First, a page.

“We’ve all got the same gut, all have a stomach, liver, kidneys and a colon that need to be healthy,” David Smith says bluntly.
British boccia’s most decorated player, the five-time Paralympian and four-time World Champion may seem like the perfect man to ask about healthy eating.
As a nutrition coach with Herbalife, he knows his stuff today – but that hasn’t always been the case.
“I used to skip breakfast, have a cheese toasty for lunch and have God knows what for dinner,” he says. “It was awful. To be fair, I thought: ‘I’m an elite athlete, therefore everything I’m doing is perfect.”
Smith had something of an epiphany during lockdown, when he joined a nutrition-focused call. He had fallen out of love with sport somewhat and was going through a divorce, so lockdown provided a chance to slow down and reflect. He channelled that time into changing his diet; the effect was transformational.
“In lockdown I spent a couple of weeks doing literally nothing and then eventually decided to emerge. I went on a call with Herbalife, started listening to a [Royal] Marine, and what he said resonated in terms of fuelling the body and making changes to make a difference.
“I listened, and made some changes in lockdown. I came out of lockdown better in terms of fitness and health. When I started playing boccia again it felt easy.
“I used to skip breakfast, have a cheese toasty for lunch and have God knows what for dinner... I made some changes in lockdown. I came out of lockdown better in terms of fitness and health. When I started playing boccia again it felt easy.”
“I took my products to [the 2020 Tokyo Paralympics]. I didn’t bother going to the food hall for breakfast because it gave me an extra 20 minutes in bed, and meant when I got on the bus I was buzzing and ready to go while everybody else was falling asleep. I thought: ‘Right, I’m onto a winner here.’
“At the venue at lunchtime when everyone else was eating crap, I was there with my shake, knocking it back, feeling good, thinking: ‘I’m going to play you in two hours. Happy days.’ That was it, I felt great, and Tokyo was Tokyo.” David won gold in the Individual BC1.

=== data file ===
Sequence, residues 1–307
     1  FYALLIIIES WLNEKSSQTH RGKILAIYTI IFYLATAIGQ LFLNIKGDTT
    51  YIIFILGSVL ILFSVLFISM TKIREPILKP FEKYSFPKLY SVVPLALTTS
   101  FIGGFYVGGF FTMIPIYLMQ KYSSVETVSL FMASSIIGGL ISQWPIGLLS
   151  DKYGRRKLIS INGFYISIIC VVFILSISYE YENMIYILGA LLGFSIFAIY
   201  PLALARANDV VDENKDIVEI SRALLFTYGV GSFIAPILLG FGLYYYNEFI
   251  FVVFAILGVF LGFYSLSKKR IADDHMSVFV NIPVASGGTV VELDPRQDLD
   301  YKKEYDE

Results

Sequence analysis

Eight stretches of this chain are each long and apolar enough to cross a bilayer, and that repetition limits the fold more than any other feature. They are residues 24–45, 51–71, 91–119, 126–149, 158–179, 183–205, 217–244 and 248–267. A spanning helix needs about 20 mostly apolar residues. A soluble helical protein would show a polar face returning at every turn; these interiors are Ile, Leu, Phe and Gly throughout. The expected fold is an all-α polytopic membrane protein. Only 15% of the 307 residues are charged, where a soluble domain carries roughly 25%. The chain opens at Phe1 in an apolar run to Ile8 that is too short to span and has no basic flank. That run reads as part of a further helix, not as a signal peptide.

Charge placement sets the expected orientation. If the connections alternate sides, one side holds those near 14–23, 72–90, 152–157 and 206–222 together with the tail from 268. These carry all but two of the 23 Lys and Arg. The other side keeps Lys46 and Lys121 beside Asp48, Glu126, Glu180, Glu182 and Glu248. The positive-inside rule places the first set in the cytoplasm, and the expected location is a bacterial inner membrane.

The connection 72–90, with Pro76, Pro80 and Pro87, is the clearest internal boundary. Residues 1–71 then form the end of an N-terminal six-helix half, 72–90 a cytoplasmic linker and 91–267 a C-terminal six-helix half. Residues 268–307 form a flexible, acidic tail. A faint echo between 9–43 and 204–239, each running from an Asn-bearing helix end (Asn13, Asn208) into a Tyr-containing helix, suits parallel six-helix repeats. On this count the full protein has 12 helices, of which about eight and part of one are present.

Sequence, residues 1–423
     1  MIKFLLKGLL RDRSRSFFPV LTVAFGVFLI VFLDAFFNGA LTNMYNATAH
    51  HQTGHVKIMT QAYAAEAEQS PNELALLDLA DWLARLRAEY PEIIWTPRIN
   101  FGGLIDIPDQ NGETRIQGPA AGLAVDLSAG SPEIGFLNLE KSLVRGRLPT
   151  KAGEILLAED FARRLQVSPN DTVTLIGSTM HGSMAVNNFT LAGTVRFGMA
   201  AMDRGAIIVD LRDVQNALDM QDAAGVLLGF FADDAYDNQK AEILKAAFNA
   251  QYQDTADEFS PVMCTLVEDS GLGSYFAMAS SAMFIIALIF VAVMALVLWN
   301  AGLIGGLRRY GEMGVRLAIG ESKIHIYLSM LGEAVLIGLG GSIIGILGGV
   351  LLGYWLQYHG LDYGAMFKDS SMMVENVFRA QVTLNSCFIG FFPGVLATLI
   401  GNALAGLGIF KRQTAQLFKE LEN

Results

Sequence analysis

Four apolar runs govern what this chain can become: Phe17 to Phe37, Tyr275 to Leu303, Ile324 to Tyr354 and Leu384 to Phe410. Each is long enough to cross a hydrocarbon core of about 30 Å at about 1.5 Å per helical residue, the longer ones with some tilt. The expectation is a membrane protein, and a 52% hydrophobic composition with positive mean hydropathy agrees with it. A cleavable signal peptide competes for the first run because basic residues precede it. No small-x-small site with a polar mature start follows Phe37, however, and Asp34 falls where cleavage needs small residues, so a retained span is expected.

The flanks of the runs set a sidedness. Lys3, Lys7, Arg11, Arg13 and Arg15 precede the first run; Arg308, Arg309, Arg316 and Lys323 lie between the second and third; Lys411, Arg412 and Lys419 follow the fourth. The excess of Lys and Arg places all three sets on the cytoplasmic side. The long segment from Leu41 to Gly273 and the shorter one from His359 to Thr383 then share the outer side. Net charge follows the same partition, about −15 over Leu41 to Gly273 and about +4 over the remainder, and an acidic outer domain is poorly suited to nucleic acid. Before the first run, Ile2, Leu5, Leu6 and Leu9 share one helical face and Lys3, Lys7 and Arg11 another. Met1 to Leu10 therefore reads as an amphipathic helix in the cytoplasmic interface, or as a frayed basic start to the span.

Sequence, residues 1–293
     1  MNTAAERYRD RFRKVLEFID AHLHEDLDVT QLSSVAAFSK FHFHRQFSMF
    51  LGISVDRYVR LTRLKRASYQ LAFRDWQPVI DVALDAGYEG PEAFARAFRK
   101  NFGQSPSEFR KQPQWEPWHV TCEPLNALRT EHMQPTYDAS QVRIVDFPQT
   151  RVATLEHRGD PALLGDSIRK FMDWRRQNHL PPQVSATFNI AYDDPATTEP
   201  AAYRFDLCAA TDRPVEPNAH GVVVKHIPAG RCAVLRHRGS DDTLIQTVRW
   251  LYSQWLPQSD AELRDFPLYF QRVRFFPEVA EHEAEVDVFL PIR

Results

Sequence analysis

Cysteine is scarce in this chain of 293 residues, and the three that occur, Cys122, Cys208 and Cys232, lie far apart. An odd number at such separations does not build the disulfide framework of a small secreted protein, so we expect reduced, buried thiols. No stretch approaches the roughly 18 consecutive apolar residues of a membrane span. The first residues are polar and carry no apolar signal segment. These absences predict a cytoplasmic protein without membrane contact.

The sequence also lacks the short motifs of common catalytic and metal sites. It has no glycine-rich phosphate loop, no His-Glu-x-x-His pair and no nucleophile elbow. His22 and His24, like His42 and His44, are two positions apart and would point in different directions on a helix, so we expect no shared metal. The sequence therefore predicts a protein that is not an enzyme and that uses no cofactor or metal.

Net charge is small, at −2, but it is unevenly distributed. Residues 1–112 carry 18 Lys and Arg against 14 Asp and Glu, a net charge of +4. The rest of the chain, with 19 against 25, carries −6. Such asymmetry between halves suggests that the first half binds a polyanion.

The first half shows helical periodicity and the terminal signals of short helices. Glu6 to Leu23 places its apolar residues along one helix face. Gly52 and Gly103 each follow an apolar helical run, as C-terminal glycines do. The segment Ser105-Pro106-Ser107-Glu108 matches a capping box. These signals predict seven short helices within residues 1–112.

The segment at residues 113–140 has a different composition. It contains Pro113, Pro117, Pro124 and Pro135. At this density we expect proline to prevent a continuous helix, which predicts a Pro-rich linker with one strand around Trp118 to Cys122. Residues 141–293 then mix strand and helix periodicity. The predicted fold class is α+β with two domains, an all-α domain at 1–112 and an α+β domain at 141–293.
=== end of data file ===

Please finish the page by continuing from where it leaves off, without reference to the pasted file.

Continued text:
“I was nominated to be a flag bearer for the closing ceremony, which was kind of weird given I was getting ready to jack in sport less than a year earlier. The whole turnaround was based on changing my mindset and doing a few things different with my nutrition.”
With an Aerospace Engineering degree, David compares a proper diet with using the best fuel in an aircraft: “In the Second World War, the RAF used special American 100-octane fuel, which gave the Merlin engine an extra 270 break horsepower, so the Hurricanes could get up to the bombers and shoot them down.
“Without that extra horsepower we’d have been at a serious disadvantage. It’s the same with your body, and as an athlete you want to put in the best fuel possible. If you’re not putting in the best fuel possible you’re probably not going to reach the bombers.”
While his metaphors may be militant, his advice to fellow athletes isn’t. David says proper nutrition is about balance and making sensible decisions – even at a fast food chain.
“You’re not trying to get rid of fat, carbs, not trying to get rid of stuff. What you’re trying to do is get a balance… most of our diets are nutritionally imbalanced or lacking in some areas.
“You can’t solve all problems but you can mitigate against the decisions you make. For example, the other day I was at the services coming back from Largs [in Scotland]. The only choice I had there was Burger King. But I knew the plant-based options are, while not perfect, a bit better for my gut and usually help with digestion and with filling you up. So I went down that route.
“Everybody has got to eat. Not everybody is going to be a boccia player and not everybody is going to be a Paralympian, but everybody has to eat… I can help inspire other people.”
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